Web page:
Mysterious Execution of Leader’s Uncle in North Korea Solved, Says Overseas Chinese Media
Perhaps none of the reasons given for the purging of Jang Song-thaek the second most powerful man in North Korea as the vice chairman of the National Defense Commission back in December 2013—factionalism, corruption, and political ambition—was the real reason for his downfall.
What really caused the Korean leader Kim Jong Un to take out his own uncle, was Jang’s secret exchange of words with then Chinese leader Hu Jintao in August 2012. On Feb. 22 overseas Chinese news website Boxun reported on the event that took place in the Great Hall of the People in Beijing.
During the hourlong, closed-door meeting with Hu, Jang raised the issue of having Kim Jong Un replaced with his paternal half-brother Kim Jong Nam. The only other person present in the meeting was a Chinese translator.
According to Boxun, Hu did not give any indication whether he supported or opposed the idea. However, then Chinese domestic czar Zhou Yongkang learned of the secret conversation and passed on the dialogue to Kim Jong Un, Boxun reports.
Jang was eventually tried by a special military tribunal of the Ministry of State and executed on Dec. 12, 2013, according to South Korea’s Yonhap News Agency.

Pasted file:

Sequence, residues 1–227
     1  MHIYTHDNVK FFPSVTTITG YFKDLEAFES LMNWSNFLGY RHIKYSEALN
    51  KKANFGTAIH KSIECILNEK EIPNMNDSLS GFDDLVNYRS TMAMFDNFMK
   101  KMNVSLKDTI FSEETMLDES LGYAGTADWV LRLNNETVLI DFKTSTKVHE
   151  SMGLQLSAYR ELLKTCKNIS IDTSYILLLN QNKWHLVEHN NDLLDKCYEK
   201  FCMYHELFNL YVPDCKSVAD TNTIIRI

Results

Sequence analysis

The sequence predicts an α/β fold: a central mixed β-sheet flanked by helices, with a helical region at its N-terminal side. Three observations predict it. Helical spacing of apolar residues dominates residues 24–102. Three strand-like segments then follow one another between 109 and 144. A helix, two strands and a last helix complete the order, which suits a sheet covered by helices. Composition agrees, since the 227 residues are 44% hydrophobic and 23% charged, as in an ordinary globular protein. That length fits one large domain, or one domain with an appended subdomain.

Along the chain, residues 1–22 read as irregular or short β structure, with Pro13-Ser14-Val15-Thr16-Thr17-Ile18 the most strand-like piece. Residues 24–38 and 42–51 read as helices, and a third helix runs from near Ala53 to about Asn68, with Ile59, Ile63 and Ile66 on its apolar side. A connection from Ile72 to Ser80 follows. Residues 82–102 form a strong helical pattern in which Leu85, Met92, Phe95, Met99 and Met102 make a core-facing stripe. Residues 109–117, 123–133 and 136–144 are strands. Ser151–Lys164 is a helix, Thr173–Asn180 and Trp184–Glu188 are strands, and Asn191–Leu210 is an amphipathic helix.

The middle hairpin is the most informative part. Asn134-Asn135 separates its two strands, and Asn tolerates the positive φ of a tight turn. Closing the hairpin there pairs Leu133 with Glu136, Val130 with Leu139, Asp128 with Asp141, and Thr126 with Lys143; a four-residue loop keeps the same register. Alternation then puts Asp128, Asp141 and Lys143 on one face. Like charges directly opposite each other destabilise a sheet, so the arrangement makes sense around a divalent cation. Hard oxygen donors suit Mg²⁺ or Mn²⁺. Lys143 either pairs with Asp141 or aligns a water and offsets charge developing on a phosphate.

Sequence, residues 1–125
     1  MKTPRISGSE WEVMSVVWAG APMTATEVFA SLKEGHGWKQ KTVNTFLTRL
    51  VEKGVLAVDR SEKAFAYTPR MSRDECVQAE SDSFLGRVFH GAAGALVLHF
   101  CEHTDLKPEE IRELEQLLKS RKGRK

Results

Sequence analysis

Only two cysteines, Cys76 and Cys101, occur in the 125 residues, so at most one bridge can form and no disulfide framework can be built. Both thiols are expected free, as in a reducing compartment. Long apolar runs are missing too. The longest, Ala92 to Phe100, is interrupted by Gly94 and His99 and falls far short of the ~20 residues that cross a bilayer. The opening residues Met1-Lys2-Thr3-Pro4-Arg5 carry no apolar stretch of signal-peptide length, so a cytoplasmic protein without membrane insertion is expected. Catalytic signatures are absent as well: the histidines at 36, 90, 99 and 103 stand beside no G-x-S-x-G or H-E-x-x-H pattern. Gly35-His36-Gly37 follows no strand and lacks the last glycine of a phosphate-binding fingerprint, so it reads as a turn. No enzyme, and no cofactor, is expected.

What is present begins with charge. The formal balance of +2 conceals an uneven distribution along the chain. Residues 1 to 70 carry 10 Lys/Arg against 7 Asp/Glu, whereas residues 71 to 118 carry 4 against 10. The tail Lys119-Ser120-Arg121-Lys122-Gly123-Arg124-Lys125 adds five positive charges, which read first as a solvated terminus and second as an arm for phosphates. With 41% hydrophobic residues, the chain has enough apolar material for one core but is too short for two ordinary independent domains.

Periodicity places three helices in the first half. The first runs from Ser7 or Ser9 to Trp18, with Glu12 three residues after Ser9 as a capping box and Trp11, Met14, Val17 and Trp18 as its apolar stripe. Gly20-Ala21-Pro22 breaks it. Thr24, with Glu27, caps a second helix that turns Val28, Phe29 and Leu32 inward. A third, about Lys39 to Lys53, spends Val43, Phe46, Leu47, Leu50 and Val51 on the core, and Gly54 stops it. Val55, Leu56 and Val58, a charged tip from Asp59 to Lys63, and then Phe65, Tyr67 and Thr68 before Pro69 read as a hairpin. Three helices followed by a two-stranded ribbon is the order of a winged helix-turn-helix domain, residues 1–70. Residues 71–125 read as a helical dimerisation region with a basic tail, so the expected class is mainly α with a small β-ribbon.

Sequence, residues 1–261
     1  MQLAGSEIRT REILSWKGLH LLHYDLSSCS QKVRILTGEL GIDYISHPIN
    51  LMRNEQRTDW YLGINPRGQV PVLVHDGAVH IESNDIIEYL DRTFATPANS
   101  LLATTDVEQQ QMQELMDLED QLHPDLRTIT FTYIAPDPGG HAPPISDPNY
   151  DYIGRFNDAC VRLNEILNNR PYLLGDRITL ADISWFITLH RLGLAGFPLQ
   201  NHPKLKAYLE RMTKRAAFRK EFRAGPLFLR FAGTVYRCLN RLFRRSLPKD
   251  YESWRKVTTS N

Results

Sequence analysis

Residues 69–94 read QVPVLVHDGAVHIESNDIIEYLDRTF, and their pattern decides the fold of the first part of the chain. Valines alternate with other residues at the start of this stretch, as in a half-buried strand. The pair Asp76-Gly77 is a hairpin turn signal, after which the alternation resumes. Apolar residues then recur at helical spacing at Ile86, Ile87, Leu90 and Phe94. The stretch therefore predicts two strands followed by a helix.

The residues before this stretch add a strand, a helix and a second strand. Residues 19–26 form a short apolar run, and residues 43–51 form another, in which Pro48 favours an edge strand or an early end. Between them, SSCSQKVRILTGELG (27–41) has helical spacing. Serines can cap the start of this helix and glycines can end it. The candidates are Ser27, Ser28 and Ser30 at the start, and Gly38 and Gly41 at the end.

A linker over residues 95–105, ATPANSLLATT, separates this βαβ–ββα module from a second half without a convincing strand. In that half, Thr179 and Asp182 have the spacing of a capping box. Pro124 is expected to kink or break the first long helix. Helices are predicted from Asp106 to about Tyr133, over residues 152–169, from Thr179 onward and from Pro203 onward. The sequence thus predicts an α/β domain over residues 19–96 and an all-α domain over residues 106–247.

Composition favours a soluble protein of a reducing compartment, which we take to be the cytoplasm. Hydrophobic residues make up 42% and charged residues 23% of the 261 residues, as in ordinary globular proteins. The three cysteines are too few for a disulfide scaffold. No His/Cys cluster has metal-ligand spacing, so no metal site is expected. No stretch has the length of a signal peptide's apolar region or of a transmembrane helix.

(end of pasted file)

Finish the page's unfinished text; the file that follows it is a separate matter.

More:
Zhou had a close relationship with both Kim Jong Il and Kim Jong Un, as Zhou was considered to be the go-to guy for any form of communication between the Kims and the Chinese authorities, according to the Hong Kong newspaper Oriental Daily on Feb. 23.
During Zhou’s visit with a Chinese entourage to North Korea in October 2010, Zhou was the only foreigner present at a large military parade where Kim Jong Un was officially named by his father to be the heir, the next supreme leader. Zhou’s sole presence indicated that Kim was asking Zhou to look after his son, according to Oriental Daily.
When Zhou was expelled from the Chinese Communist Party in December 2014, regime mouthpiece Xinhua detailed a long list of transgressions Zhou was said to have committed.
Back then, one crime seemed out of place—divulging Party and state secrets. According to Boxun’s report, Zhou divulged such secrets in relation to North Korea and its supreme leader.